This article from Gavin Johnston at Media Post brings the view of an anthropologist that recognizes the fluidity of the Hispanic market. No doubts that as Hispanics reach critical mass, it influence politics, cuisine, entertainment and other elements of American culture.

For marketers, 45 million Hispanics can be the life saver for a brand that appeals to the segment or it can contribute to that 5% annual growth in revenue or market share. However, he also brings up a key point: the Hispanic market is unique and it is that uniqueness what requires a multi platform approach. Based on the profile of your key target, that mix will change. Read his article bellow:

Rethink The Market
by Gavin Johnston, Thursday, August 27, 2009, 9:48 AM

In the last few years, we have witnessed growth in Hispanic marketing. This is sometimes a well-developed plan and, at other times, it is something of a short-sighted one. In both cases, however, the definition of the Hispanic customer is often one dimensional.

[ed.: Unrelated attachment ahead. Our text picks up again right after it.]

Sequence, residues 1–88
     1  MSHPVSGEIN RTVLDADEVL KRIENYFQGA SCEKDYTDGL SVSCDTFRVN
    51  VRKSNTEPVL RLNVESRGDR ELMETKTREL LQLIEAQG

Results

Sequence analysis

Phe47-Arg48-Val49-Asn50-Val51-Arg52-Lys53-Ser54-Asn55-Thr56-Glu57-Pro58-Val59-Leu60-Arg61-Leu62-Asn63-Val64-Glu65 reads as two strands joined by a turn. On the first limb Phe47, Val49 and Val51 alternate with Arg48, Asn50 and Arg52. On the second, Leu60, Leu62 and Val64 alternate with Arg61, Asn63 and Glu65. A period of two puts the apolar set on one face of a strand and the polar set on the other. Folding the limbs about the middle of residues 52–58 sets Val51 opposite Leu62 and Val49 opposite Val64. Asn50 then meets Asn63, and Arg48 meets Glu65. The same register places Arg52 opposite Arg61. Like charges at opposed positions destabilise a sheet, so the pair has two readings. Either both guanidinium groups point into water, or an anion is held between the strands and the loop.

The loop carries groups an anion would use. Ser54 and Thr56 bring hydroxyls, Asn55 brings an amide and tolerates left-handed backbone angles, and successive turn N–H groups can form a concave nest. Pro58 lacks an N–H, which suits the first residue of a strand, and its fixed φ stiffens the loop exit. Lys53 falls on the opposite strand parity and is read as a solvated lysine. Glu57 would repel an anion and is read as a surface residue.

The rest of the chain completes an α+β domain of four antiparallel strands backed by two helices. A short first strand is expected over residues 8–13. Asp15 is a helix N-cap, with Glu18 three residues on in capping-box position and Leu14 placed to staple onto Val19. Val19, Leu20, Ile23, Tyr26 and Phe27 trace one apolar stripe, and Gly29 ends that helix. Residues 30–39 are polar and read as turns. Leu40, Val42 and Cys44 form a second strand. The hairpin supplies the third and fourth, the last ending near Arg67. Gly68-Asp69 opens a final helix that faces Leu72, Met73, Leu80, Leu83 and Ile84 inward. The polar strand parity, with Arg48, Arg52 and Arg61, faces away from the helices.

Even as we’ve witnessed the growth in interest on the part of marketers, we have also seen the Hispanic market rapidly maturing in multiple dimensions. Examples include a proliferation of ad campaigns targeting Spanish speakers and the continued growth of media sources geared toward consumption by the Hispanic market.

Interestingly, it is at the moment this market seems to have arrived that it is changing in ways that will again challenge businesses. It is precisely at the point where the Hispanic market has become large enough to warrant such interest that it is changing and becoming something altogether new.

The Emerging Biculturalism

Marketers obviously need to be well informed to successfully merchandise a brand to Hispanic consumers, but before they can take that step they must define what it is they mean by “Hispanic.” Identity and language are dynamic, and so how we perceive ourselves changes with our community at a given moment, allowing us multiple identities within a day.